Imagine if all the data traveling throughout the world right now—on long distance networks and between and within computers and other hardware—could be sent through a single fiber the width of a human hair.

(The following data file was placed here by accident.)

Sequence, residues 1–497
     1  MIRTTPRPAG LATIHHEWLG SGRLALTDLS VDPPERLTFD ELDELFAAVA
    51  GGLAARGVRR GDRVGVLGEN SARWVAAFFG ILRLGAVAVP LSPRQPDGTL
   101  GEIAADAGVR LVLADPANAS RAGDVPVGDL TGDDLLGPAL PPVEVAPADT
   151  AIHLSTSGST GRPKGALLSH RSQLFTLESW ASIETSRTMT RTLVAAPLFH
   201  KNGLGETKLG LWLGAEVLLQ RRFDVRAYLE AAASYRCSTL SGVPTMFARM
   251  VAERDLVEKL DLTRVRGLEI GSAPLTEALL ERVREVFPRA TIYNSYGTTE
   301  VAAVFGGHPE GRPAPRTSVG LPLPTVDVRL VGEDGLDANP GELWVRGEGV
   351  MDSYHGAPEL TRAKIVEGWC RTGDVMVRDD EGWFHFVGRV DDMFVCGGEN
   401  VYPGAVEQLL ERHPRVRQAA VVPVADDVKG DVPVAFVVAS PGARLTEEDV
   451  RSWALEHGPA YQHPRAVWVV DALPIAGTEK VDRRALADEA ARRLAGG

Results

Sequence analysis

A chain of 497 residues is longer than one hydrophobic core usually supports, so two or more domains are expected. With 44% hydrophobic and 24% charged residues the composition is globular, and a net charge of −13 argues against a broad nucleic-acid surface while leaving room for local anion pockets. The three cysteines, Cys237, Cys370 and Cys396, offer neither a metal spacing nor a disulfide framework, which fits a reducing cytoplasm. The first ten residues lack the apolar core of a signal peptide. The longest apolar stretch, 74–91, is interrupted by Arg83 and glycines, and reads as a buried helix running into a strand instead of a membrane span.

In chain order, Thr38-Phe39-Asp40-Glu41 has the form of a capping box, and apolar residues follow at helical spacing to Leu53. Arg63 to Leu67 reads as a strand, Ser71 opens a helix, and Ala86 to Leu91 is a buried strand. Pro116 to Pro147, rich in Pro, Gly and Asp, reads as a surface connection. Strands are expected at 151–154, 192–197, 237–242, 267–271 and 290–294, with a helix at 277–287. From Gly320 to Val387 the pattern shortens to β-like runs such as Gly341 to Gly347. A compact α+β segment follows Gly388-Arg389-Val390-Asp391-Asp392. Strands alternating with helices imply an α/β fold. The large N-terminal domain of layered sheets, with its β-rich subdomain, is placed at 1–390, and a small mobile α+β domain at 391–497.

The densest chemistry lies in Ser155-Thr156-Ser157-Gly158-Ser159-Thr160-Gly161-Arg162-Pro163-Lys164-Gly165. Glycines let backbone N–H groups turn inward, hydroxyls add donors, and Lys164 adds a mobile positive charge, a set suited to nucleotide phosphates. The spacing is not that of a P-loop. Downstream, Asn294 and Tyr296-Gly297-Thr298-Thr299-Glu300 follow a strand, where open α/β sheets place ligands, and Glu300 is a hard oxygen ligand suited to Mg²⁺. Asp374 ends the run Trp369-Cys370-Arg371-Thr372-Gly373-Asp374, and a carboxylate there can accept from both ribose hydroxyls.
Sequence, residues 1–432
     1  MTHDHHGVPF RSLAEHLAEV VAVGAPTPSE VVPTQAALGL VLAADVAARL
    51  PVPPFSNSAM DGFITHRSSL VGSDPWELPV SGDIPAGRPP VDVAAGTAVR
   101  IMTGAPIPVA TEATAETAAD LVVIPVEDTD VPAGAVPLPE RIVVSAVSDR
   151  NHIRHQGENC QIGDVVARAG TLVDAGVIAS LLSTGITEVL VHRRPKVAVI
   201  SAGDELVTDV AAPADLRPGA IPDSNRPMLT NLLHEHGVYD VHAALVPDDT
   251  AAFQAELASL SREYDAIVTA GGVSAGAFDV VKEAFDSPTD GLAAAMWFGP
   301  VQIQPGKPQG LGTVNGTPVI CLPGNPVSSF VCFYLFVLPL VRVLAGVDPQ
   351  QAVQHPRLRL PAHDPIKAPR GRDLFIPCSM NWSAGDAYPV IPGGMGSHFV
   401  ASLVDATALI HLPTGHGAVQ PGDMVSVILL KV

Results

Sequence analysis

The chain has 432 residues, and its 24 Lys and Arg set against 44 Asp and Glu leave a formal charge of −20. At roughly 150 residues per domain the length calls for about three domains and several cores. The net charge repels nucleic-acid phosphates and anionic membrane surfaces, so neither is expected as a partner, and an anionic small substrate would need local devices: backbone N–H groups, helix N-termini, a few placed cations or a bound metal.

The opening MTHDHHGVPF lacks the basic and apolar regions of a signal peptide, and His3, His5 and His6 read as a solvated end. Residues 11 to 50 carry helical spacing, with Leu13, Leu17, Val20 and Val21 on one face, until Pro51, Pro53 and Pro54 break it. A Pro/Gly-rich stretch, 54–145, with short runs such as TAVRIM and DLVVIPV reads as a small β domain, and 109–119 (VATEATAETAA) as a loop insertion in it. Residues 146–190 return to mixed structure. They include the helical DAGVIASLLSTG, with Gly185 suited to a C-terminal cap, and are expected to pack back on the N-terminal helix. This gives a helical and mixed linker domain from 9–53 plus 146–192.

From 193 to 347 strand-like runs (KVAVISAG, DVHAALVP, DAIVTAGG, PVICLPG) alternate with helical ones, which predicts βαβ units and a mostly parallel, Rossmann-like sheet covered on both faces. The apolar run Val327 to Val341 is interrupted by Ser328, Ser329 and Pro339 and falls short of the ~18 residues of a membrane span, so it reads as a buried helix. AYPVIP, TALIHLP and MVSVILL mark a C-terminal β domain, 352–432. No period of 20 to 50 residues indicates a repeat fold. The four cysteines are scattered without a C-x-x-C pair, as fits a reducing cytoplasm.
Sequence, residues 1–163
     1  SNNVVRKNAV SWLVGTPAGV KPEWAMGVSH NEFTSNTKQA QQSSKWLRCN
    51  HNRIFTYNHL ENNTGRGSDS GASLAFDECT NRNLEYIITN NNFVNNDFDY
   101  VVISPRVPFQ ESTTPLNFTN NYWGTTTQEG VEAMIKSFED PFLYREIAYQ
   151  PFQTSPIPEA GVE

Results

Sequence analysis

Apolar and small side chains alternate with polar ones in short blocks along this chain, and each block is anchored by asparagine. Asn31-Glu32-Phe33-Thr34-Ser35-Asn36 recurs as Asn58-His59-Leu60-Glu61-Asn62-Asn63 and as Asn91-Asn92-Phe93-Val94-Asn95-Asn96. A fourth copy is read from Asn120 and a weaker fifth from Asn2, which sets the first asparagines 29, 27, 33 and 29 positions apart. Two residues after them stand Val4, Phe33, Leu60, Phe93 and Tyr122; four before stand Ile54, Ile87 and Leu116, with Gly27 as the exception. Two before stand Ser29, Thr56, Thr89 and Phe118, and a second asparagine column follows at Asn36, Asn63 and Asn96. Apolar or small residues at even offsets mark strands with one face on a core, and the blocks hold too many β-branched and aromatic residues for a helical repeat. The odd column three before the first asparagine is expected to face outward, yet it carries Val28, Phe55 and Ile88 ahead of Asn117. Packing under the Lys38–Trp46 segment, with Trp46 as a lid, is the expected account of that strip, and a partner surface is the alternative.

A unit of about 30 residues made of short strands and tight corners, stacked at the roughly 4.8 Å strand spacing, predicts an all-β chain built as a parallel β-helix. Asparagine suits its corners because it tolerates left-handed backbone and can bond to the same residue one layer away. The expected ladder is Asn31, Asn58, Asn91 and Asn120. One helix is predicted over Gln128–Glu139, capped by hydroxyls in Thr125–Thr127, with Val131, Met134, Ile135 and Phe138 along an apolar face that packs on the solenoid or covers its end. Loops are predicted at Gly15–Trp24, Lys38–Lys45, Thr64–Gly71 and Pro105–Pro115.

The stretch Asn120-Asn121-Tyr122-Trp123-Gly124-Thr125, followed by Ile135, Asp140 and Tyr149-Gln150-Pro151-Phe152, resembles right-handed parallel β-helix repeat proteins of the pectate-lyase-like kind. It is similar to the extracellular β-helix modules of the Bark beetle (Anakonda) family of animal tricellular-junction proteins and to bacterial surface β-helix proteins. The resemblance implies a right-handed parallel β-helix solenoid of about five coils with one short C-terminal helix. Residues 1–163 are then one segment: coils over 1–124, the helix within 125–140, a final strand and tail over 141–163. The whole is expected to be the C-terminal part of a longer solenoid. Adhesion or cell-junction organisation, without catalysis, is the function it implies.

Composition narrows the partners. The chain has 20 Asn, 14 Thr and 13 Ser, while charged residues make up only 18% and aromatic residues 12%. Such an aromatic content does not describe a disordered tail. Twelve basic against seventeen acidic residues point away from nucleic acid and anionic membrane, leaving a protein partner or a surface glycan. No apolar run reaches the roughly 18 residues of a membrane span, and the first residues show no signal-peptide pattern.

The University of California at Santa Barbara had a presentation on the vision and current research being performed under a newly launched center at UCSB, whose mission is to make this a reality by developing technologies necessary for a new generation of Ethernet a thousand times faster, and much more energy efficient than the most advanced networks being deployed today. The Terabit Optical Ethernet Center (TOEC) has as its vision and roadmap 1 Terabit Ethernet over optical fiber by 2015 and 100 Terabit Ethernet by 2020. Ethernet, the way computers talk to each other over a network and first implemented in the 1980s, has become the standard for data transmission for all networks from small-scale to global-scale. Current Ethernet technologies will be difficult to push much past 100 Gigabits per second without new innovations, predominately because of the amount of power needed to run and cool the systems. Large data centers and communications networks consume as much power as a small city requiring new generations of Ethernet that are much more energy-efficient and cost-effective. In as little as five years today’s state of the art Ethernet will have trouble keeping up with the speed and bandwidth required for applications like video and cloud computing. The Center’s goal is to develop energy-saving photonic network technologies that will allow applications and the underlying networks to scale way beyond today’s capacity, paving the way for greening future networks and the systems. Current research efforts and recent results in photonic integration geared towards Terabit Optical Ethernet will be described in this talk as well as the driving applications and the structure of TOEC.